Some Surprises in Names, Salary Predictions as Cubs Again Linked to Several Top FAs
Though there may be little value in each individual breakdown of these ubiquitous free agent rankings, I keep doing it because they’re all pieces of a bigger puzzle. All of them have different shapes and it’s often difficult to see how they make sense sans context, which is why I think it’s important to maintain an open dialogue that allows us to connect dots between them.
For instance, Keith Law’s top 50 for The Athletic was based more on a subjective measure of how he thought the individual players would live up to their contracts over time. Or something like that. The Cubs were tied to nine of the top 13 players on that list, mainly pitchers and shortstops, which is a sign that it’s not just us gullible rube bloggers who’ve been snowed by Jed Hoyer’s bluster.
Now we turn our attention to Jon Heyman’s top 30 over at the New York Post, a roll based largely on a combination of hype and value. Heyman also includes teams in the mix for each player and an outside expert’s prediction for eventual salary terms.
First, a look at the players who have the Cubs listed among their potential suitors:
3) Carlos Correa – 9 years, $275M ($30.56M AAV)
4) Trea Turner – 9 years, $275M ($30.56M AAV)
8) Dansby Swanson – 7 years, $175M ($25M AAV)
13) Kodai Senga – 5 years, $65M ($13M AAV)
18) Kenley Jansen – 1 year, $14M
Nothing surprising among the first four names, other than a much lower salary figure for Senga. Being able to land a potential impact starter at just $13 million AAV would be a steal, and it wouldn’t be an awful deal even if concerns about his fastball command lead to him being a swingman or long reliever. I tend to believe the Cubs would actually prefer to do that same amount over four years, though duration might be important for Senga.
The name that really jumps out here is Jansen, who I haven’t seen connected to the Cubs at any point thus far. We all know how the Cubs like to cobble together bullpens with veteran relievers they pick up on the cheap, but Jansen doesn’t really fit that mold.
The 35-year-old notched 41 saves for Atlanta after racking up 350 over a dozen seasons with the Dodgers and could still be an elite closer. Getting him on such a short deal would eliminate almost all fears of regression, but is he looking to join a team with an uncertain level of competitiveness after all that time in LA and Atlanta? I could see this happening if Jansen’s market doesn’t develop and the Cubs can get him at a lower price.
Now let’s have a look at some who don’t have the Cubs listed despite early smoke, wishful thinking, or being a fit on paper:
1) Aaron Judge – 9 years, $330M ($36.67M AAV)
2) Jacob deGrom – 3 years, $125M ($41.67M AAV)
5) Justin Verlander – 2 years, $75M ($37.5M AAV)
6) Xander Bogaerts – 8 years, $225M ($28.125M AAV)
7) Carlos Rodón – 5 years, $150M ($30M AAV)
11) José Abreu – 3 years, $75M ($25M AAV)
17) Anthony Rizzo – 2 years, $40M ($20M AAV)
25) Josh Bell – 3 years, $51M ($17M AAV)
28) Michael Conforto – 1 year, $14M
This section is far more interesting to me because of the five names in the middle, all of whom have been very specifically mentioned in connection with the Cubs over the last few months or weeks. Bogaerts isn’t just among the group of top shortstops in whom the Cubs have long had reported interest, he’s been named as a target more than once. Whether that’s just fluff or not, it’s interesting that he’s in this section.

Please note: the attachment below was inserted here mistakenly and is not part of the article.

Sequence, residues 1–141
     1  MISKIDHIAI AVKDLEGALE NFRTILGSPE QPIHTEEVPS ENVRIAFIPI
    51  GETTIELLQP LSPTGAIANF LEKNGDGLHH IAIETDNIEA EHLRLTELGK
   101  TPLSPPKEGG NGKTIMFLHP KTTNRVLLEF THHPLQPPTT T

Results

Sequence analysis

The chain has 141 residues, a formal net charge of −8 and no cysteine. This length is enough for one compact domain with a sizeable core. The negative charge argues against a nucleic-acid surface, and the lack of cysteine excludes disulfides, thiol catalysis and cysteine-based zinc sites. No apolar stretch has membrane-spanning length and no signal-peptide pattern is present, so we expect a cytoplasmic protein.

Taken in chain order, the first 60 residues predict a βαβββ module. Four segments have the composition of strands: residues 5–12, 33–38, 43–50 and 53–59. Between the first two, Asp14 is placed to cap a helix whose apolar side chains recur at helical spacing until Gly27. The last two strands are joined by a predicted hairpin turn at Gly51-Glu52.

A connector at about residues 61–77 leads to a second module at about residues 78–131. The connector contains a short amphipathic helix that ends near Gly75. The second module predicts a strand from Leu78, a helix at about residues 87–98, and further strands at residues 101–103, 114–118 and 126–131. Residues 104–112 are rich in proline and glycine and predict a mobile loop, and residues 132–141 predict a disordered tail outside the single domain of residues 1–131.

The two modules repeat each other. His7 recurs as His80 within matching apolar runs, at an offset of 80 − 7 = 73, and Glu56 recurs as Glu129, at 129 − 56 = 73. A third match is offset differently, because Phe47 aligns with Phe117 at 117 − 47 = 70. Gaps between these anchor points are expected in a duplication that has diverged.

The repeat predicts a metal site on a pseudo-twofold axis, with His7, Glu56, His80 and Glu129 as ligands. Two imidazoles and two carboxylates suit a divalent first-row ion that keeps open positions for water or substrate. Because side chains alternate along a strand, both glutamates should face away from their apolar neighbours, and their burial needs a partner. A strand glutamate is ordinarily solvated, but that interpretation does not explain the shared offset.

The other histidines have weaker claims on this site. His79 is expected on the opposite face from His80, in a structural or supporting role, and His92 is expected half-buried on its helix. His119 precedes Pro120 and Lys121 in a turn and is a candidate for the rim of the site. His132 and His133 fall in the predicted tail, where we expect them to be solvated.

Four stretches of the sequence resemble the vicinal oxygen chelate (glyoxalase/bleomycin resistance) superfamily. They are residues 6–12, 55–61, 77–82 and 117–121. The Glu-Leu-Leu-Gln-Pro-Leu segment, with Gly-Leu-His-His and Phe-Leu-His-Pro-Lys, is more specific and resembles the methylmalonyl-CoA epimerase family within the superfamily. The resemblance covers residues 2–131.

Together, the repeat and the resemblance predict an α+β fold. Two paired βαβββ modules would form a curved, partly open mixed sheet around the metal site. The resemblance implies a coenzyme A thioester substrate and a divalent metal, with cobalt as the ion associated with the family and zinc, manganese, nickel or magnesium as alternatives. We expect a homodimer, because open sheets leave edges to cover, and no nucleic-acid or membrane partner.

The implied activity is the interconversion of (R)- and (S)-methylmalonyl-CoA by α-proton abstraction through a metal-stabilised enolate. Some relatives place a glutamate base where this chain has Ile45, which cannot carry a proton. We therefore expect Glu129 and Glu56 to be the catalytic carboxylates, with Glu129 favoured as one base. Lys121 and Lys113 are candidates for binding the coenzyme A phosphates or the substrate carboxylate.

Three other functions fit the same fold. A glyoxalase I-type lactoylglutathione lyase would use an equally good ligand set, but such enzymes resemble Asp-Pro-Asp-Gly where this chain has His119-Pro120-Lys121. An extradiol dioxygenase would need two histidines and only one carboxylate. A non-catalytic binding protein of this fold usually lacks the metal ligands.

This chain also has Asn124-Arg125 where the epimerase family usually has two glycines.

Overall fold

Verlander is the one who got away after the 2017 trade that wasn’t and he’s still going strong at 39, so it’s easy to draw a line from him to the Cubs. His age and the questions about how quickly the Cubs will be able to win complicate matters a bit, but getting a title with the Astros might give him the psychological freedom to pursue other options.
The two who stand out most in this group are current/former White Sox players, and not just because of the city connection. There have been legitimate reports about the Cubs’ interest in both Abreu and Rodón, so it’s odd to me that Heyman doesn’t list them at all. The salary figures seem high on both, Abreu in particular, and I can see the Cubs not wanting to stretch to those lengths if the market indeed gets that big.
However, I just can’t see Abreu getting that kind of cheese for three guaranteed years because it doesn’t make any sense. Particularly with Rizzo at almost half the salary for one less year. The last two players listed above are more about the possible fit and not because anyone had reported interest from one side or the other, so we’ll dispense with any serious conversation there.
Even as we allow for a healthy dose of skepticism due to bias from personal subjectivity and agenda, like doing favors for owners or agents, there can be takeaways from the info in these rankings. Whether you like their work or not, these national pundits do have connections and they’re hearing things from various sources about who’s planning what.
Is all of that information accurate? Of course not, much of it is meant to obfuscate or spur interest. That’s why it’s important to track what comes out and see where we get an overlap in reporting, like with Senga, Correa, Turner, etc. The rankings themselves don’t matter in the least, but it’s good to again see the Cubs mentioned as being involved in several players up near the top.